"But a truth has been exposed by the tumultuous events of 2020: there is no normal to return to...actually, “normal” is what got us to this point in the first place. If we are going to evolve, to a place of greater fairness and safety for our planet and its people, our future cannot look exactly like our past. We are going to need a genuine rethink about many areas of our lives. Our attitudes, our priorities, our compassion. What and how we consume. What we stand for and how we voice it." Edward Enninful, Editor, Vogue

As we continue our own work with industry initiative The Great Reset, we are observing many conversations and initiatives around the theme of ‘resetting.’ Instead of a cover star, British Vogue’s August 2020 issue spotlights “the UK’s remarkable (and inherently fragile) natural beauty, with 14 renowned photographers and artists capturing landscapes that nod to the ‘reset’ theme in the wake of the pandemic.” This has inspired a new version of the Vogue cover social media challenge. The challenge, inspired by the nature-filled covers of the magazine’s latest edition, see’s social media users put the Vogue logo over stunning pictures of landscapes and nature-inspired imagery.

Elsewhere, business-oriented reset-themed conversations continue with the exposure of fast fashion brand Boohoo’s practises of modern slavery. Those passionate about the cause are drawing attention to the issues with social media posts. Other fashion brands are getting involved in the conversation around industry practises - Lucy and Yak, for example, hosted an Instagram live this week on unethical manufacturing.


We are loving Ziwe Fumudoh’s Instagram Live show, where she interviews guests about race. She asks questions like “How many Black people do you know?” “Did your family own slaves?” and “When you say Black people, do you capitalize the B?” Ziwe’s recent guests include Caroline Calloway and Rose McGowan.

“It’s just thinking, ‘What is the most absurd hyperbolic question that I can confront someone with and how do I make them look me in the eyes and either say an answer or not say anything at all?’ … I am just a Black woman who is an artist in 2020 during one of the biggest civil rights fights of a generation.”” Ziwe, 28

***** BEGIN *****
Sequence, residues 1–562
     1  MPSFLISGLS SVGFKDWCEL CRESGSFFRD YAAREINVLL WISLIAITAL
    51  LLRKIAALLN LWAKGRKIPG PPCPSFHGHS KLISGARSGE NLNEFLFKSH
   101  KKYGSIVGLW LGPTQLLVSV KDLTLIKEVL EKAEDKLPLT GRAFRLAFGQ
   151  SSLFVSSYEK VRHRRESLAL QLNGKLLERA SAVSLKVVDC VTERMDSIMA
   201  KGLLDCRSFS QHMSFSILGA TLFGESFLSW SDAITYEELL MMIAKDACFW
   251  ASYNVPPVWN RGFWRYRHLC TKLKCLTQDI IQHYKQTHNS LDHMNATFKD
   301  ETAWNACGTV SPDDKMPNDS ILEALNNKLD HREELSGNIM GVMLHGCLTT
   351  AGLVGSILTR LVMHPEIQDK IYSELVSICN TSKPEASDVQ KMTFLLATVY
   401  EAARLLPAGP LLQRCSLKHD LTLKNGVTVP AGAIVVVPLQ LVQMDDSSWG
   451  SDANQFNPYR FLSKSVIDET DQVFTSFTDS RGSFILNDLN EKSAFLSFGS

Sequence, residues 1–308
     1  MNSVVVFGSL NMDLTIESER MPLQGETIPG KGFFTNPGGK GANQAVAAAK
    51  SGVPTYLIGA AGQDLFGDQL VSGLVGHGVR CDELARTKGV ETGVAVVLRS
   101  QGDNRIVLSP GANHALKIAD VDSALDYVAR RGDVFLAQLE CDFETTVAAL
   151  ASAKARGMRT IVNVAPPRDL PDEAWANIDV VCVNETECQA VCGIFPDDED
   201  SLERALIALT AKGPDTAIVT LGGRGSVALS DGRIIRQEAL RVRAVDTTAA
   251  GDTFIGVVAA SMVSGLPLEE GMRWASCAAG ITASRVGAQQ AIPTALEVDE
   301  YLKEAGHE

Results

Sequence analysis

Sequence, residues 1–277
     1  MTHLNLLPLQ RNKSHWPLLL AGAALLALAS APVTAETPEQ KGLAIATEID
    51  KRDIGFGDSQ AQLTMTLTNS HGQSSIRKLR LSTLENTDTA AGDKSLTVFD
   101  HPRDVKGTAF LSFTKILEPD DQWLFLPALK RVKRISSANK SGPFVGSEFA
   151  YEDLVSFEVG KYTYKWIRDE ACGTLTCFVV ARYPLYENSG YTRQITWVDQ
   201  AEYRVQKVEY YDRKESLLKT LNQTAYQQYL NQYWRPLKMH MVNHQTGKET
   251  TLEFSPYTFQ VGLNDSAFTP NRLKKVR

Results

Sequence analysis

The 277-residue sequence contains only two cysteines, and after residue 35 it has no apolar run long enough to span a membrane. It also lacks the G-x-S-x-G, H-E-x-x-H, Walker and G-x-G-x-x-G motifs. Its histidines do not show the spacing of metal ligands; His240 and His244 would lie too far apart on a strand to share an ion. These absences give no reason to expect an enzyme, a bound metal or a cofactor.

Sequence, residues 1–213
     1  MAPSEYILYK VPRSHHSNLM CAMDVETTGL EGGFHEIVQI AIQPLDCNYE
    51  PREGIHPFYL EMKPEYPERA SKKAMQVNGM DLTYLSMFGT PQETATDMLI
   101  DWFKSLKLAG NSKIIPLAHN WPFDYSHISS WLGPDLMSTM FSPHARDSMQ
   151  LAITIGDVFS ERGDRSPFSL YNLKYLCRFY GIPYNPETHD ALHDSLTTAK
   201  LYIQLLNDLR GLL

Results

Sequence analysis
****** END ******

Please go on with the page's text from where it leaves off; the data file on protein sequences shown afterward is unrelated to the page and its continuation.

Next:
In fact comedy has been one of the saviours of lockdown for younger generations. A recent report found that ‘funny content’ was in the top three factors that have helped Gen Z through lockdown;

We asked Gen Z to list the top three factors that have helped them through lockdown so far. Friends and family came out highest - with 63% citing these, followed by funny content (mentioned by 50%).” Helen Rose, the7stars.


  • Young people are facing increasing challenges and anxieties about the future. There are major concerns when it comes to education and future job prospects. How could you help youth cope with this reality, upskill or embrace alternative education experiences in helpful or exciting ways?
  • Young people involved in the arts & culture sector are seriously struggling right now, but are also using their creative skills to inspire and reimagine new ways for people to interact with art. Digital live art experiences are an inspiring space for connection and inspiration.
  • The ‘reset’ conversation is having ripple effects across nearly all industries now. How will your brand or company play its part in resetting for the better? Have you had the conversation about your ‘great reset’ agenda yet?
  • Humour is an essential coping mechanism and powerful communications tool. Don’t be afraid to explore it with unique themes and topics. Here is some thinking on laughter as a strategy for driving deeper insights in strange times.

See also


TW: this article addresses themes of violence toward black people and the murder of George Floyd.